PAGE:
Tip Credits and Florida Minimum Wage Laws

Gomez, Rudy - 300dpi
Rudy Gomez

Background: The Fair Labor Standards Act (“FLSA”) and Florida minimum wage law allow an employer to take a tip credit toward its minimum wage obligation for “tipped employees”. A “tipped employee” is an employee who customarily and regularly receives more than $30 per month in tips. 29 U.S.C. § 203(t). An employer is permitted to take a tip credit equal to the difference between the minimum wage (currently $8.25 in Florida) and the required cash wage (currently must be at least $5.23 in Florida). Thus, the maximum tip credit that an employer can currently claim under the FLSA and Florida law is $3.02 per hour ($8.25 – $5.23). 

If an employee’s tips combined with the employer’s direct wages of at least $5.23 an hour do not equal the minimum hourly wage, the employer must make up the difference. A tip credit may be taken for a workweek only to the extent that an employee receives tips. If reported tips fall below the tip credit, the employer remains liable to pay wages for the difference between the credit taken and the tips received. 29 C.F.R. § 531.59. The employer cannot pay less than $5.23 per hour to tipped employees, but it can pay more.

General Requirements: If an employer elects to use the tip credit provision the employer must:

  1. Inform each tipped employee about the tip credit allowance before the credit is utilized (it is a good idea to have the employee sign a statement acknowledging that the tip credit has been explained to him/her, to show the employee was notified);
  2. Be able to show that the employee receives at least the minimum wage ($8.25 per hour) when direct wages and the tip credit allowance are combined; and
  3. Allow the tipped employee to retain all tips, regardless of whether the employer elects to take a tip credit for tips received, except to the extent the employee participates in a valid tip pooling arrangement. (Federal regulations currently treat tips as the employee’s property, regardless of whether the employer pays that employee the minimum wage or whether it uses a tip credit to satisfy the minimum wage requirement. 29 C.F.R. § 531.52.)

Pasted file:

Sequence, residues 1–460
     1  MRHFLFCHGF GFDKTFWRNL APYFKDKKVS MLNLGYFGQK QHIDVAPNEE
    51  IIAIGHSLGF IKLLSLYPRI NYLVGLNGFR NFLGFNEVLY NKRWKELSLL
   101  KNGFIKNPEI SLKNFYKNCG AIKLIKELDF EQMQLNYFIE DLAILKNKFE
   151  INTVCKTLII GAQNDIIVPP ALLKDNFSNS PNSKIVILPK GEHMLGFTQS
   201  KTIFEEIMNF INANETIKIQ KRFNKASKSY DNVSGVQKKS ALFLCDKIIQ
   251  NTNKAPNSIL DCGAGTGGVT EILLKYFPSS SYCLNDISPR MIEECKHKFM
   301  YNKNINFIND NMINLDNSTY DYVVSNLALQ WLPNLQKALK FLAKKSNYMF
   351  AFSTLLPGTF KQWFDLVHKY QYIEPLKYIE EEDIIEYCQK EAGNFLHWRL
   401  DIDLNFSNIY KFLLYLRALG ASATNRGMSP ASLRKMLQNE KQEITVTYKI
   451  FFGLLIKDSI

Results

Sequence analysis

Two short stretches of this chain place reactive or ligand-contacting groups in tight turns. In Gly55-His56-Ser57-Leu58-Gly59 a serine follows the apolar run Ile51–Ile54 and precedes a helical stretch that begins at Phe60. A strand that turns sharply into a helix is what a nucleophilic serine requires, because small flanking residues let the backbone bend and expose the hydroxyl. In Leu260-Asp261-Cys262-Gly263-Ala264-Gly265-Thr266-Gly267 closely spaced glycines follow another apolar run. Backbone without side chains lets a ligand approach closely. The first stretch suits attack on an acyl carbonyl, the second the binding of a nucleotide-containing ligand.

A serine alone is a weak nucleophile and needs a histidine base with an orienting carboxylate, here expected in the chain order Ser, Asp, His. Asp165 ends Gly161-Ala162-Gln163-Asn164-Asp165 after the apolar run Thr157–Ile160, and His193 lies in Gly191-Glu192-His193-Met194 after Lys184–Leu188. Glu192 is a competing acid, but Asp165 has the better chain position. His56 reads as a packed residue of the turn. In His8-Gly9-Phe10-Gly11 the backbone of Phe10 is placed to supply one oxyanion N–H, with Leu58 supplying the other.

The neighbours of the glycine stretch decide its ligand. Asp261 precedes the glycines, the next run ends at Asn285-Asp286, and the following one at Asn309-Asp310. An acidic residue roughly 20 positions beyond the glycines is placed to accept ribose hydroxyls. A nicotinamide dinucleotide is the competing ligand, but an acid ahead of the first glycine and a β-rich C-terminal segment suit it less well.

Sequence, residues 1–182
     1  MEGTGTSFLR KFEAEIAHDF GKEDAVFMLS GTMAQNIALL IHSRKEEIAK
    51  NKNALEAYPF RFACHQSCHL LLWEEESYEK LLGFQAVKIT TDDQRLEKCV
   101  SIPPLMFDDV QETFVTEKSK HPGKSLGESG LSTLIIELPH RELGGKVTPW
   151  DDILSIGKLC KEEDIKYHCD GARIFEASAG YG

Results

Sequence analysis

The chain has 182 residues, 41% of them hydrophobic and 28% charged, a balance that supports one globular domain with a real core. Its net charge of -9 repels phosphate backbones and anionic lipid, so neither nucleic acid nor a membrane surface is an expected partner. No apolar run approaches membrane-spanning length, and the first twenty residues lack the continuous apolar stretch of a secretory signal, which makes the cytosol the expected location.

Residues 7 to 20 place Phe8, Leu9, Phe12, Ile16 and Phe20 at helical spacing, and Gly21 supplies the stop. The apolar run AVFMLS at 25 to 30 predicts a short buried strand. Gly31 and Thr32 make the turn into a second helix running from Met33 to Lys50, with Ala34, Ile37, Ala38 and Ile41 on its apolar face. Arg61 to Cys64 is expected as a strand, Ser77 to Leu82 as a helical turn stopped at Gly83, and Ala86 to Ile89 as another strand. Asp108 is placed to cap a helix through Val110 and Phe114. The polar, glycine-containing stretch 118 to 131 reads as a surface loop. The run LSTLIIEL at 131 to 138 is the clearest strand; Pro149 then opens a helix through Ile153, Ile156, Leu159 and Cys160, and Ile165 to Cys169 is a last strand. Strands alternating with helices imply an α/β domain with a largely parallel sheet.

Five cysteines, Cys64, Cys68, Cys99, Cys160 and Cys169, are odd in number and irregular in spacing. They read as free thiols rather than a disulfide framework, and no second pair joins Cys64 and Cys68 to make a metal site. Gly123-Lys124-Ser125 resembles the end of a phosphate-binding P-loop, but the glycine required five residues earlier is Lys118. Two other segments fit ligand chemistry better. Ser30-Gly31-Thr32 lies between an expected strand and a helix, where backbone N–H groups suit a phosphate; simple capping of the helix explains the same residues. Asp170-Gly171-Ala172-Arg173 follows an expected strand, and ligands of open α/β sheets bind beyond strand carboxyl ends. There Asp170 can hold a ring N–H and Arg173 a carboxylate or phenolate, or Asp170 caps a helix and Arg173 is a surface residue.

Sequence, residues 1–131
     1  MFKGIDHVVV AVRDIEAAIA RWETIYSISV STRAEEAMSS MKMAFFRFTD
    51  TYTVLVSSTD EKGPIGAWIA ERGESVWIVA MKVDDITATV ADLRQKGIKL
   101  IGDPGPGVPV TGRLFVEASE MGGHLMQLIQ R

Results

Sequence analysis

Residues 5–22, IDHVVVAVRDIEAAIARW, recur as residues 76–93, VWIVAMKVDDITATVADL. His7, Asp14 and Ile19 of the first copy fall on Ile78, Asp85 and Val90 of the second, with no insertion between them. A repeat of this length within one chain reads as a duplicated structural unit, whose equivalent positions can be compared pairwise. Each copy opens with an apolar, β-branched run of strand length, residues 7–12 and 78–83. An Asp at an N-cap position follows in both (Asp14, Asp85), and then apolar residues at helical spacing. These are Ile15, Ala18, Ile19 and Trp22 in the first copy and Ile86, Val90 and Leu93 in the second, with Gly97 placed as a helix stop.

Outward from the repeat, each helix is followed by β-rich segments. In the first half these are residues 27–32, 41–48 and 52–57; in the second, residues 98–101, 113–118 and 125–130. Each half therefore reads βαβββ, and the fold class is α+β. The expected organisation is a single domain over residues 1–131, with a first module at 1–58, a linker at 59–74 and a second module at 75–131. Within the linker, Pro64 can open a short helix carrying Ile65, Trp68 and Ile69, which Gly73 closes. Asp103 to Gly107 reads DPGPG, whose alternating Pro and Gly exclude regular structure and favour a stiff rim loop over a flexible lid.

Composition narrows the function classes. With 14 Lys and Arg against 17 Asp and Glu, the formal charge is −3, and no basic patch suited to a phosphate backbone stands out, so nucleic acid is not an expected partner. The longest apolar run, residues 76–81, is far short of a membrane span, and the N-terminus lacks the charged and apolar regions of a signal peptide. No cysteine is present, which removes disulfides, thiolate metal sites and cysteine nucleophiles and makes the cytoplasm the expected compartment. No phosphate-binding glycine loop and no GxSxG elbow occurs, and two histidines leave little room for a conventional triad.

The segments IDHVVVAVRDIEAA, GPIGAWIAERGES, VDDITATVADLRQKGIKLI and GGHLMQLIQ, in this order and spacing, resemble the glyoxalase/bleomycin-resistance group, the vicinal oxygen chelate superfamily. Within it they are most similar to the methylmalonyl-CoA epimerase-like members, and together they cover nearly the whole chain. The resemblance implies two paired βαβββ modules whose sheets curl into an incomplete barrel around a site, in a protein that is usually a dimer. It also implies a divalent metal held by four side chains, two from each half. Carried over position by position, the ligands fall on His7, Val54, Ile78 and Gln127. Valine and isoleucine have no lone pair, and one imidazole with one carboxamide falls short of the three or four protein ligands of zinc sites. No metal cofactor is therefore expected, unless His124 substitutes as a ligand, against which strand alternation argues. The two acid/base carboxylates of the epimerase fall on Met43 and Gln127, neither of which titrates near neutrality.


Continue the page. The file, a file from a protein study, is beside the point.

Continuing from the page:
tip jarTip Pool: The requirement that an employee must retain all tips does not preclude a valid tip pooling or sharing arrangement among employees who customarily and regularly receive tips, such as waiters, waitresses, bellhops, counter personnel (who serve customers), bussers, and service bartenders. A valid tip pool consisting of employees paid on a tip credit basis cannot include employees who do not customarily and regularly received tips, such as dishwashers, cooks, chefs, and janitors.

Recently, the Department of Labor (“DOL”) passed a regulation that allows employers to require the sharing of tips with employees who do not customarily receive direct tips (such as restaurant cooks, dish washers, and similar workers), so long as the employer pays all employees required to share tips the full minimum wage of $8.25 per hour. See also, Malivuk v. Ameripark, LLC, 694 F. App’x 705 (11th Cir. 2017). Employers who use the tip credit option to satisfy the minimum wage obligation would not be allowed to require tip sharing with workers who do not customarily receive tips.

Dual Jobs: DOL regulation 29 C.F.R. §531.56(e), distinguishes between dual jobs and “related duties” that may be performed by a tipped employee without requiring the employer to pay the full minimum wage. The regulation provides:

restaurant table settingIn some situations an employee is employed in a dual job, as for example, where a maintenance man in a hotel also serves as a waiter. In such a situation the employee, if he customarily and regularly receives at least $30 a month in tips for his work as a waiter, is a tipped employee only with respect to his employment as a waiter. He is employed in two occupations, and no tip credit can be taken for his hours of employment in his occupation of maintenance man. Such a situation is distinguishable from that of a waitress who spends part of her time cleaning and setting tables, toasting bread, making coffee and occasionally washing dishes or glasses. It is like-wise distinguishable from the counterman who also prepares his own short orders or who, as part of a group of countermen, takes a turn as a short order cook for the group. Such related duties in an occupation that is a tipped occupation need not by themselves be directed toward producing tips.

“Tip” vs. Service Charge: A “tip” is a gratuity or gift paid by a customer to the employee at the customer’s discretion. A mandatory service charge assessed by an employer, even if it is paid to the employee, is not a “tip,” and the revenues generated from service charges cannot be used as a tip credit. 29 C.F.R. § 531.55. Mandatory “gratuities” are viewed as service charges and are considered to be “wages,” not tips paid by customers at their discretion.

Bottom Line: In the past few years there has been substantial litigation regarding the proper application of the tip credit, tip pooling and tip retention practices. Employers should carefully analyze their practices regarding tips to ensure compliance with the detailed Department of Labor Regulations and avoid costly litigation.

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